Young people tell us their knowledge of engineering increased by taking part in Energy Quest, as new teacher-led iteration launched

May 3, 2024

two boys and two girls conducting a fruit battery experiment

Over the past 9 years, more than 200,000 students in 1,350 different schools across the UK participated in Energy Quest, funded by Shell. The workshop, which focuses on alternative energy production, also looks at the way engineering is involved in the production of that energy. The programme also presents concepts such as the real-world application of practical experiments, problem solving and using teamwork to find solutions. One student reported it was the first time they knew the answer to the question “What is an engineer?”.

Two recent evaluation reports about the Energy Quest programme were published in April. CFE Research has conducted an independent evaluation of Energy Quest over the last three years, exploring young people’s views and experiences of the workshop across various versions of the content (as new iterations were delivered each year). Their report presents insights gathered from more than 1,200 students and close to 100 teachers who participated in an Energy Quest workshop and completed a post-event survey. EngineeringUK’s team also conducted our own evaluation with a smaller cohort of participants, surveying just over 100 young people both before and after taking part in the workshops.

CFE’s evaluation of the most recent iteration of the programme found that young people reported being more knowledgeable about engineering because of Energy Quest:

  • 87% of young people said that their knowledge of the different types of things that engineers can do in their jobs had increased.
  • 81% of respondents reported that their knowledge of role that engineers play in developing technologies for renewable energy sources had increased.

The data from EngineeringUK’s more modest cohort of young people broadly agreed with the findings from CFE, in that the workshop is most effective at raising awareness of engineering careers, but the workshop alone may not be sufficient in creating a commitment to pursue engineering careers among young people. This finding is not surprising considering participation in a one-off workshop and aligns with broader evidence suggesting the need for multiple STEM engagements to foster student’s interest in these careers over time.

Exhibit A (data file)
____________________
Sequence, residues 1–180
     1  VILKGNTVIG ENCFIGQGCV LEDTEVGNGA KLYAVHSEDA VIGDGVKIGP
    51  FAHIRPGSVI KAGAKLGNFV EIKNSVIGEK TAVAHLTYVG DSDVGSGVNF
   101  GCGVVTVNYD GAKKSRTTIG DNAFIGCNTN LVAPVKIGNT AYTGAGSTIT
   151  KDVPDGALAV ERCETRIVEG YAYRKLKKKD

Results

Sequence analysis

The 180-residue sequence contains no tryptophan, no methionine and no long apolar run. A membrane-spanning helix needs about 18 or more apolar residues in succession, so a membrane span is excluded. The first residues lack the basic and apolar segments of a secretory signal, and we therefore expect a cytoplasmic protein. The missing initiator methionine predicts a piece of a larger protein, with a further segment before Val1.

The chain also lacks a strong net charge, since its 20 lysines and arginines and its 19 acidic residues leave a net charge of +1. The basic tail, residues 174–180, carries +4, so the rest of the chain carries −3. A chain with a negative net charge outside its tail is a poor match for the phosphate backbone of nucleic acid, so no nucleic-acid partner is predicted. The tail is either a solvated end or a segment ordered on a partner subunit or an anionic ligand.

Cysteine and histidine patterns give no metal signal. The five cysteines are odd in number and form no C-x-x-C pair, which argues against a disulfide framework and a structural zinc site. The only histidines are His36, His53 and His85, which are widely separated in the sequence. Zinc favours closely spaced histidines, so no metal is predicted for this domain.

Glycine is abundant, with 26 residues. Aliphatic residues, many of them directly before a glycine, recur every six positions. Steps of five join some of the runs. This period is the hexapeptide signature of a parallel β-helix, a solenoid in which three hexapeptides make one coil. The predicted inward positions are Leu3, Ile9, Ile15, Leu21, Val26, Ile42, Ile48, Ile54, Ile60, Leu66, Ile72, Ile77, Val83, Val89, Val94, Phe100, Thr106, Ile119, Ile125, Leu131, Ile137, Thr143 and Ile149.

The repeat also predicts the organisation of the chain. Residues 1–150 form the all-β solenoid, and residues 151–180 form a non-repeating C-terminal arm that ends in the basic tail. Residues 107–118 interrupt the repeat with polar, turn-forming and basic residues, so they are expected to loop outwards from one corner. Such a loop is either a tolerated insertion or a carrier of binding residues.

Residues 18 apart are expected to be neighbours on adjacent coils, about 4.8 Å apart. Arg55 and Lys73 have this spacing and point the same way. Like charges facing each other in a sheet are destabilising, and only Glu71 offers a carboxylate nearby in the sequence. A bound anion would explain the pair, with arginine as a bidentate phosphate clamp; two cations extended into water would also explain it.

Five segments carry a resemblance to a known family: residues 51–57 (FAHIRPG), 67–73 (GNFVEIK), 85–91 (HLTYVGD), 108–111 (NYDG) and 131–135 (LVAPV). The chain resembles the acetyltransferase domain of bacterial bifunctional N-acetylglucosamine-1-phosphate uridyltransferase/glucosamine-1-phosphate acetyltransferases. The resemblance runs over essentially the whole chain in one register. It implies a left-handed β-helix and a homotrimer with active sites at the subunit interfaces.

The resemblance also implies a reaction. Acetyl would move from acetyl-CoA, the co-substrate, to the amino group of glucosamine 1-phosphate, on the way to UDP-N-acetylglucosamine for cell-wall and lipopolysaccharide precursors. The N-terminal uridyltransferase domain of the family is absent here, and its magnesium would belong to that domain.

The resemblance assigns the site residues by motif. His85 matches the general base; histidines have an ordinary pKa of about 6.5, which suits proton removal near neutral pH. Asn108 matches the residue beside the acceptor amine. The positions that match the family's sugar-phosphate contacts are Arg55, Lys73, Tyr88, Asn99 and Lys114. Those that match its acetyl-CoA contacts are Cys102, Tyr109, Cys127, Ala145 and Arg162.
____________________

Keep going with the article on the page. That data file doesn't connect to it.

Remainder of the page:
Overall, Energy Quest was an engaging and enjoyable experience for the majority of young people, with students enjoying the latest version of the workshop more than previous ones. The practical activities in particular were perceived to be the most interesting and engaging element. One major takeaway from CFE’s research is that younger students both enjoy the workshop more than their older peers, and also find the story element which frames the workshop to be more convincing and more believable than older students.

Findings from the evaluations also highlighted teachers’ positive views of the programme, with 96% of survey respondents rating the programme as good or excellent. Additionally, 95% of teachers said the workshop was engaging for their students. One teacher reported “I enjoyed the practical tasks and the discussions around engineering. It was useful to think of the different types of engineers that exist.”

You can download both reports from our Research Evaluation page.

Following on from this evaluation, Energy Quest has now been relaunched as a teacher-led workshop aimed specifically at younger students aged 11 to 13 in secondary school. Without having to arrange a science, technology, engineering or maths (STEM) specialist facilitator to visit the school and present the workshop, this new iteration is something that can be presented as and when teachers are able.

This version of Energy Quest is a free, curriculum linked, immersive workshop designed to unlock their inner engineer as they explore alternative energy sources. The workshop includes a choice of practical experiments and design exercises which enable students to understand more about the role of engineers. It uses a small amount of equipment that should be available in all school science labs.

Teachers interested in downloading these free lesson plans and resources should visit the Energy Quest website:

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